"In our opinion, in a civil case, the foundation laid for introduction of evidence of a blood analysis need not preclude every possibility of a doubt as to the identity of the specimen or the possibility of a change of condition in the blood. If the routine and procedures of a laboratory are shown by the evidence as having been commonly accepted by the medical profession, and the business of the laboratory is the securing, handling and analysis of blood specimens, amongst other types of specimens, those routines and procedures ought to be acceptable to the courts." Woolley v. Hafner's Wagon Wheel, Inc., 22 Ill. 2d 413, 418, 176 N.E.2d 757, 760 (1961).

See also State v. Fornier, 103 N.H. 152, 167 A.2d 56 (1961); Wagner v. Osborn, 225 Cal. App. 2d 36, 37 Cal. Rptr. 27 (1964).

Even if there had been error in admitting the testimony of the chemist, it would not have been prejudicial since there is ample additional evidence supporting a conclusion that the Siegrists were under the influence of alcohol when the accident occurred. Arizona Constitution, Art. 6, ยง *222 27, 1 A.R.S.; State v. Stone, 104 Ariz. 339, 452 P.2d 513 (1969); Bonine v. Bonine, 90 Ariz. 319, 367 P.2d 664 (1961). See also Benner v. B.F. Goodrich Company, 150 Mont. 97, 430 P.2d 648 (1967), in which blood test results were held inadmissible but there was ample additional testimony of drinking to support the jury's conclusion.

The second issue for consideration is whether the trial court erred in permitting the testimony of one Josie or Jossie Barraza. The pretrial statement was submitted to the trial court on or about July 22, 1971. On Saturday, February 24, 1973, counsel for the defendant discovered that a typographical error had been made on the pretrial statement Josie or Jossie (Carrillo) Barraza was listed as Jessie Carrillo. The matter was immediately brought to the court's attention and the court informed the plaintiff's counsel that he would have an opportunity to question the witness prior to trial if he so desired. Her testimony was given on March 1, 1973. Counsel for the defendants-appellees did not know that Jossie Carrillo had remarried and assumed the name of Barraza.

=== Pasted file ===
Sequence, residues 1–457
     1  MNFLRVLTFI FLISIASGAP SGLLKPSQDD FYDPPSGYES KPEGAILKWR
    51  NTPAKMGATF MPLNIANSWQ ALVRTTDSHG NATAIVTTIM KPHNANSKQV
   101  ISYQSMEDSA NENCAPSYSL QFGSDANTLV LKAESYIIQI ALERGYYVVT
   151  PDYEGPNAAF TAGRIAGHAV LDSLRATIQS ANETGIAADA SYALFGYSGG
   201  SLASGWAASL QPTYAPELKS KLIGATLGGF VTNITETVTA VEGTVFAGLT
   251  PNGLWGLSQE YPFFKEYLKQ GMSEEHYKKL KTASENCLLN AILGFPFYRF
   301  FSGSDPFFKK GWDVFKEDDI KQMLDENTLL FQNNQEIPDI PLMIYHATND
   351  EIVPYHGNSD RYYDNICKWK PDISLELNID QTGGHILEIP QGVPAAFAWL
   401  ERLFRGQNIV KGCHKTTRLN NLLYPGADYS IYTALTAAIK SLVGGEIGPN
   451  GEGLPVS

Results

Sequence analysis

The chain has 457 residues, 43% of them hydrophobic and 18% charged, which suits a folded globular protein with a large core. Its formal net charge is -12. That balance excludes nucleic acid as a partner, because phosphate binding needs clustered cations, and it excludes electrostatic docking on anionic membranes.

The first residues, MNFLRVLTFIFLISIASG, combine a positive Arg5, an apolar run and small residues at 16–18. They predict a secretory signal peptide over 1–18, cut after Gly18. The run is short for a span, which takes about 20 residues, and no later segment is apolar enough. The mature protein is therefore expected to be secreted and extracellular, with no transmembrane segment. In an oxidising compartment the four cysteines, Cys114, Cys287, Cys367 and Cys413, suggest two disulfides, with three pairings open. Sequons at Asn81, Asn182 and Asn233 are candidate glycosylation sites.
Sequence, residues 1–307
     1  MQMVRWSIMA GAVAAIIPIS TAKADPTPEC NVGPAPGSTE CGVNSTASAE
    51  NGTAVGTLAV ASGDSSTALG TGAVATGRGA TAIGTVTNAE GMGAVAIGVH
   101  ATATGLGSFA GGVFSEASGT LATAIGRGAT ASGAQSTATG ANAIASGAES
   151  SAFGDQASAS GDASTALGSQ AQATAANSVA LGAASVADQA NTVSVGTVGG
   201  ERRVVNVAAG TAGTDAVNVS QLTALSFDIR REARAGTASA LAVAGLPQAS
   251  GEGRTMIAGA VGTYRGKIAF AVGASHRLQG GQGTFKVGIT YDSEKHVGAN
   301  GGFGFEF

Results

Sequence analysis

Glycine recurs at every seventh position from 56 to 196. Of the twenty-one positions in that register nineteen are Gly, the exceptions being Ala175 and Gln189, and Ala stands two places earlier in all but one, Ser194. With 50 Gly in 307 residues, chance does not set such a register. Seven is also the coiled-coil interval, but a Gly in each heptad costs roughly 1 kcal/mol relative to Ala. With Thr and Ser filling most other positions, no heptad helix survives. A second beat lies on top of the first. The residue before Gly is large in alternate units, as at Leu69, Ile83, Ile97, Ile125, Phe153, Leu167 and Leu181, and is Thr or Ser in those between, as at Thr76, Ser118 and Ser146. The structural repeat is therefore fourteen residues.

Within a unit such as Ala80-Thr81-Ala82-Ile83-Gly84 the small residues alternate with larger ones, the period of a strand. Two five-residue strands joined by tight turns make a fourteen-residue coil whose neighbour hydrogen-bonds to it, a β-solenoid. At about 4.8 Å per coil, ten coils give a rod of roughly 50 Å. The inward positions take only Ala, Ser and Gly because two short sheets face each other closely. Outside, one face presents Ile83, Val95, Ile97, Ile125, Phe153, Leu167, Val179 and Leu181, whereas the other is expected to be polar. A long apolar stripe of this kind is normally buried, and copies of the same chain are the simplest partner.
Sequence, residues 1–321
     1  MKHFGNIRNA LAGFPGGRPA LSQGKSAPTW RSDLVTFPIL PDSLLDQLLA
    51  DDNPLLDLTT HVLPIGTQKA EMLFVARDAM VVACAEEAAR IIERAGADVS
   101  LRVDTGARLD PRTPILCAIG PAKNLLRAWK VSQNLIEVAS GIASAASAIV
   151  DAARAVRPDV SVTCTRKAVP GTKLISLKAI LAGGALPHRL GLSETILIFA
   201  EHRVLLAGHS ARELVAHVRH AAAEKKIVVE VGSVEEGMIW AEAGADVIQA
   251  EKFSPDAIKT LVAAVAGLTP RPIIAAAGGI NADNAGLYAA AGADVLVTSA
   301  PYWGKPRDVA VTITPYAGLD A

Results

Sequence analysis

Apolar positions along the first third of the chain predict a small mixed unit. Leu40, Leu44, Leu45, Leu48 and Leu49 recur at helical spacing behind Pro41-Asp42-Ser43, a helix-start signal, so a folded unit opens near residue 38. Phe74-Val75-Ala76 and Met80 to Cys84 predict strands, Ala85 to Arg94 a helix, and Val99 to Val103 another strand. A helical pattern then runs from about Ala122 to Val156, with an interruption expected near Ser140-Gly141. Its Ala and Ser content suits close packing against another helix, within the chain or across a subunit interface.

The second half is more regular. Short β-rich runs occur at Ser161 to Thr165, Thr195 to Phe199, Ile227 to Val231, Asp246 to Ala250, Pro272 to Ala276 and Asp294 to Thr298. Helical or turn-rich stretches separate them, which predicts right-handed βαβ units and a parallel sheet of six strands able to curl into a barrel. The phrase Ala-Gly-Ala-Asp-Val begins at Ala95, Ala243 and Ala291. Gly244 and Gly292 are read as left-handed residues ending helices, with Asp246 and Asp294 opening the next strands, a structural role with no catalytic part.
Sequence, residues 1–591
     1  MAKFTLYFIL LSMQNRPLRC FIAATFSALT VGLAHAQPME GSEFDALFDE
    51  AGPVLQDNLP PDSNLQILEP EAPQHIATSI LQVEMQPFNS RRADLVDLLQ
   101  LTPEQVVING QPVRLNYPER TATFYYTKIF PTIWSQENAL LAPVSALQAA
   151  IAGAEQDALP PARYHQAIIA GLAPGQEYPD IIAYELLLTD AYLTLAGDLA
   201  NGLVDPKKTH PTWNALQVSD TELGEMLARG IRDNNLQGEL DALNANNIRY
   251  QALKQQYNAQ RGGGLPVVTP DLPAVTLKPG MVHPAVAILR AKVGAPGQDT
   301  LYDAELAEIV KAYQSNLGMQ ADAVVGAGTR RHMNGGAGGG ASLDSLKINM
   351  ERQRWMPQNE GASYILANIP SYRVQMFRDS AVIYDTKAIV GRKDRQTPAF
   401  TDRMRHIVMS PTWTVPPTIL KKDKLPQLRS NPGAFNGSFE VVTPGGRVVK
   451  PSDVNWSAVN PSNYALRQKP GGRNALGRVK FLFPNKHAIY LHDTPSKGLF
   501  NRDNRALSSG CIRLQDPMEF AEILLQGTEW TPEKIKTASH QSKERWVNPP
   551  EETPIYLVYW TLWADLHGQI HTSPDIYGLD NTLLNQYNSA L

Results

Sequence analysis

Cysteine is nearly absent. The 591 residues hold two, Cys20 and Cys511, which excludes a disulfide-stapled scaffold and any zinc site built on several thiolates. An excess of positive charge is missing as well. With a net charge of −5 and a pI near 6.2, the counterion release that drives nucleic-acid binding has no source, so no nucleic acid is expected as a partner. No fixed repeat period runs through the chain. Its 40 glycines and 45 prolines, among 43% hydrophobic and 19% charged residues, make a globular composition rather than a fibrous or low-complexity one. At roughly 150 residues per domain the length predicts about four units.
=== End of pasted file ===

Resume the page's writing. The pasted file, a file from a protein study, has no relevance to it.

The typographical error in this instance was inadvertent. The assertion by the appellant that Rule 16(c)(1) of the Uniform Rules of Practice, 17A A.R.S., requires that Mrs. Barraza's testimony be excluded cannot be accepted by this Court. Rule 16(c) of the Uniform Rules of Practice, supra, states that "no other exhibits or witnesses shall be used during trial other than those listed and exchanged, except for good cause shown." The appellees maintain that "good cause was shown" in the instant case. The trial court agreed and so do we. Mrs. Barraza's correct name was given to plaintiff's counsel three days before the day of trial, thus within the two-day limitation as set by the trial court in its discretion. While it is true that Rule 6 of the Rules of Civil Procedure, 16 A.R.S., states that Saturdays and Sundays will not be counted when the time to be computed is less than 10 days, the trial court may enlarge the original time without motion or notice, or permit the act to be done where the failure to act is the result of "excusable neglect." We find no abuse of discretion on the part of the trial court in allowing the pretrial statement modification and resultant testimony. See Plonkey v. Superior Court, 106 Ariz. 310, 475 P.2d 492 (1970).

The final contention here is that the evidence does not support the verdict and judgment entered thereon. Our role in this regard is a limited one to determine whether there is substantial evidence to support the judgment. State ex rel. Herman v. Schaffer, 110 Ariz. 91, 515 P.2d 593 (1973). Where the facts are in dispute, we will not disturb the jury's verdict unless clearly erroneous and without substantial evidentiary support. Parrish v. Camphuysen, 107 Ariz. 343, 488 P.2d 657 (1971).

The evidence supports any one of three possible findings: (1) The Siegrists were under the influence of alcohol at the time of the accident. (2) The motorcycle upon which they were riding was being operated without its light on during darkness. (3) The motorcycle was being operated at an excessive speed. From any such finding or combination thereof, the jury could have concluded that the conduct of the Siegrists was either the sole cause of the accident, or a contributing cause. The verdict and judgment are supported by sustantial evidence and are not contrary to law.

The verdict of the jury and the judgment of the trial court entered thereon are affirmed.

HAYS and HOLOHAN, JJ., concur.

Note: STRUCKMEYER, V.C.J., did not participate in the determination of this matter; NELSON, P.J., Department C, Court of Appeals, sat in his stead.